May 21.2019 | 08:41 pm


    Good afternoon,

    Nice to hear you liked my article on the day trip we made recently. Spain has so many different things to offer that you cannot get bored during a holiday in this country. If you come to the south do not hesitate to contact me. I love to meet the readers of my website. I have a couple of more posts on special places. Ronda, El Torcal, and some days at Cabo de Gata.

    Thank you for your comment. I hope you downloaded your free PDF?

    Regards, Taetske

    May 22.2019 | 12:10 pm


Great! I have always wanted to visit Spain, I have never heard that there are so many historical buildings in Spain like that.

I will write down my favorite places.  All these new places you talk about are very interesting to see one day. To be able to absorb the local culture and history.  Thank you Taetske to sharing an amazing informative trip experience.

Have a nice day!

May 21.2019 | 08:46 pm


    Good Morning Gokhan,

    Thank you for visiting my website and leaving a comment. I hope you downloaded your free PDF?

    Spain is a beautiful country where you will find impressive nature, great cities with historical buildings, good food, and friendly people. In the south, the weather is nice and warm and there are also lovely beaches. I think Spain has something to suit all tastes.

    Regards, Taetske

    May 22.2019 | 06:44 am

Fahim Shahriar

Traveling, exploring new places and get out of your comfort zone can be always fun and energizing. As I love traveling so
It feels really good to know about these villages, old structures, culture and bit of history of these places. Thanks a bunch for sharing your experiences through this article and I am happy to know that you enjoyed your time over there.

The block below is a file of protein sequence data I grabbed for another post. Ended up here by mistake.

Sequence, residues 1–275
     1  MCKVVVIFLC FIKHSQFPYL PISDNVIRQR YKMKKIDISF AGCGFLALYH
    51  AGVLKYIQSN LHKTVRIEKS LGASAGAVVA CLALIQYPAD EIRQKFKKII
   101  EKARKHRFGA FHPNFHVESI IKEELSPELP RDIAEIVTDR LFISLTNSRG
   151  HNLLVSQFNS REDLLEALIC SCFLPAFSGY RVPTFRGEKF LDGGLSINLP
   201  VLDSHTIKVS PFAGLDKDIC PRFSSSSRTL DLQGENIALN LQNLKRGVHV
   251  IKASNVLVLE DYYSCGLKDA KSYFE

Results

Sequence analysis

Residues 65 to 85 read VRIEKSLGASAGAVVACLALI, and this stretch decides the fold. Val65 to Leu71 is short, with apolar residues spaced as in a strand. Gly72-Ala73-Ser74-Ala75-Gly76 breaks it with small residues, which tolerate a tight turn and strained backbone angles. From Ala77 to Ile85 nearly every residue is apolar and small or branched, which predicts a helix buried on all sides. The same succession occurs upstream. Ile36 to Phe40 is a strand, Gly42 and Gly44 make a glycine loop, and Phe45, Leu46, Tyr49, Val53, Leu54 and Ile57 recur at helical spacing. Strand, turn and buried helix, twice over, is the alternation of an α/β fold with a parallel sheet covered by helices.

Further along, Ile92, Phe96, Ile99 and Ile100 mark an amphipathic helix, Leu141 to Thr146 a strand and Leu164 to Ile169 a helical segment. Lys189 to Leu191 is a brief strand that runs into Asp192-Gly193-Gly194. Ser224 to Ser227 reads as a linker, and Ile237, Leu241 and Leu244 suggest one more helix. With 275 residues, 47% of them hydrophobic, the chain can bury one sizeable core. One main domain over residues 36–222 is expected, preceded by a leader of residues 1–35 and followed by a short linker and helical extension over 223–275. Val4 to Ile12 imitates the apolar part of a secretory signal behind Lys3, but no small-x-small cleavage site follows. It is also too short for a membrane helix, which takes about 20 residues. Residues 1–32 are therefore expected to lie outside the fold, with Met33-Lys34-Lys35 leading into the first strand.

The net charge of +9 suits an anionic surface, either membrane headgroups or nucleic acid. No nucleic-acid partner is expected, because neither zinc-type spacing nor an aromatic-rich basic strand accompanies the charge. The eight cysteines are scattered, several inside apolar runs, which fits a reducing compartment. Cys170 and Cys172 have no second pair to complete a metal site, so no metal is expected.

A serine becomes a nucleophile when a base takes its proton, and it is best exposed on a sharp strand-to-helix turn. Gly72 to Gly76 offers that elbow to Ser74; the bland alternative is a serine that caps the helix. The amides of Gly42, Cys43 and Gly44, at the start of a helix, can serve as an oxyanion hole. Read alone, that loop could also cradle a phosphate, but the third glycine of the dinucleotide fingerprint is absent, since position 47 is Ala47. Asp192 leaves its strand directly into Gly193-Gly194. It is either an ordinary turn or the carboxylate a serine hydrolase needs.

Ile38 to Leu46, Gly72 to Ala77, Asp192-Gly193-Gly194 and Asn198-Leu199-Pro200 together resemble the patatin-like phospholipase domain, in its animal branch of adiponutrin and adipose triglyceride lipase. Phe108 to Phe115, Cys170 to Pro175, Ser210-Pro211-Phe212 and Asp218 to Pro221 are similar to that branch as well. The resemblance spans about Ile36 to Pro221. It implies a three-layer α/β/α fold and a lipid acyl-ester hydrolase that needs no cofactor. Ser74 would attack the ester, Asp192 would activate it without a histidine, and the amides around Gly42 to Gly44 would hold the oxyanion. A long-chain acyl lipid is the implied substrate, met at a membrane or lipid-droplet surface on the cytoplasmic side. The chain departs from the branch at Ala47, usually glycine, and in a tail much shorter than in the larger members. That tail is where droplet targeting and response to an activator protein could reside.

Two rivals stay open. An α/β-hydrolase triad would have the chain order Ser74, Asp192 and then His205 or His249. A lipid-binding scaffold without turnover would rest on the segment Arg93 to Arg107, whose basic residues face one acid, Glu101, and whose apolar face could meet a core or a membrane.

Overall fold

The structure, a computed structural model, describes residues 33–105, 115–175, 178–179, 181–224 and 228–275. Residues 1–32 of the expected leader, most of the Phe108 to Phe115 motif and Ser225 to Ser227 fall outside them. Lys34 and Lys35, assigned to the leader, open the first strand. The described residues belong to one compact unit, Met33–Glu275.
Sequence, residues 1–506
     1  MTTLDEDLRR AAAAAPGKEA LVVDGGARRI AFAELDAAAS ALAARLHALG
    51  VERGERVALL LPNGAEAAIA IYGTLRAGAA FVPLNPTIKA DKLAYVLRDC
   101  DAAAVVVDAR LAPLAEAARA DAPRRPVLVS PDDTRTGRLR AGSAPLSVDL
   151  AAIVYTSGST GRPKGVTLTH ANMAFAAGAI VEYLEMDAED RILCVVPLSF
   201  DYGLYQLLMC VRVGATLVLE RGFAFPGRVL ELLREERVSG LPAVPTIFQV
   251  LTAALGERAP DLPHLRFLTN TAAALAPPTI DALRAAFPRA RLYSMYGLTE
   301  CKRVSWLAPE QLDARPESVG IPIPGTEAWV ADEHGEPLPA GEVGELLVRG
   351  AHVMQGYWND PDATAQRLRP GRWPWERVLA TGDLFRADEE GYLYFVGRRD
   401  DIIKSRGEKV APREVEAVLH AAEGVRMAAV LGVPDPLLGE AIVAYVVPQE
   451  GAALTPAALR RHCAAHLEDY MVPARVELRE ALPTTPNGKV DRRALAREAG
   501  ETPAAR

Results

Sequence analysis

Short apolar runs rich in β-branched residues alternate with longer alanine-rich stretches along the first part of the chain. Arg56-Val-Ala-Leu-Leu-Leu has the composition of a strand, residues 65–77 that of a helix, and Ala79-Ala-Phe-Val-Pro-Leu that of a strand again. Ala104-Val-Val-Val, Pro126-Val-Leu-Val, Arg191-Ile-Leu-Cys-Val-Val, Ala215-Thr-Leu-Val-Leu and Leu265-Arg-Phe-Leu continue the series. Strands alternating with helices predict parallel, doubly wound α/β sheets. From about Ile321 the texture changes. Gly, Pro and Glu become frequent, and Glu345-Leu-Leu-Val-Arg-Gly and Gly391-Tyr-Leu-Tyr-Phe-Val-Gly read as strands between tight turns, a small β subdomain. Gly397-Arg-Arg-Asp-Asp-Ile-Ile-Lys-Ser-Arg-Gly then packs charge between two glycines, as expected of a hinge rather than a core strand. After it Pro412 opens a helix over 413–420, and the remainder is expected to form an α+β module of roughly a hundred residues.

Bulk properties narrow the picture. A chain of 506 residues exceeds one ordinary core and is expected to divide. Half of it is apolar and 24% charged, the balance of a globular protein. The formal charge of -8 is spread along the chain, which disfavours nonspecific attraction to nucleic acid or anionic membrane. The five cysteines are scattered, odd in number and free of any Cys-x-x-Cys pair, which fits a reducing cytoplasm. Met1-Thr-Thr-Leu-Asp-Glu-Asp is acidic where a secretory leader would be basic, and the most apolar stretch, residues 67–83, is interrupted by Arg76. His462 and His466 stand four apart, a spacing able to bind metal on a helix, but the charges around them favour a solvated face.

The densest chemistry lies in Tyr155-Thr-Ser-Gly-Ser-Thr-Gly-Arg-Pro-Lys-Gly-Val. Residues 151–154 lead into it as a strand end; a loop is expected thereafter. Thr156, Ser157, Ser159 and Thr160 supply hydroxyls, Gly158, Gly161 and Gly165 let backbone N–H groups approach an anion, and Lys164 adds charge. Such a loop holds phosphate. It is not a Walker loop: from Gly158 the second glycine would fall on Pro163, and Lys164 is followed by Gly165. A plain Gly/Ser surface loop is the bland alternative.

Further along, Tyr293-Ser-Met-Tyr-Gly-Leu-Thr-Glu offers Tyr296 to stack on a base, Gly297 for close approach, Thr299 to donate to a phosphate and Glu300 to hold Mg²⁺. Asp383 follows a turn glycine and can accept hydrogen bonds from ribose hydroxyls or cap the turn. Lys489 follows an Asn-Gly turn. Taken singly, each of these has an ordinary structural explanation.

May 21.2019 | 09:12 pm


    Good afternoon Fahim,

    We definitely enjoyed our trip. Driving at a slow speed through the lovely countryside, wildflowers, and bushes in different colors. I would have loved to add a lot more photos to my post. Spain has such a fascinating and old history it never gets boring to explore new places.

    Thank you for your comment. I hope you downloaded your free PDF?

    Regards, Taetske

    May 22.2019 | 12:15 pm

Linda Frankson

Hi, there my dear friend, absolutely lovely. I loved walking through those small villages the cobblestone streets and view history through my imagination, the wake ways so very different from the western world so much history. I can visualize the battles between the Moorish and Christians, those were wild times.

I have visited Spain and have lovely memories of that holiday.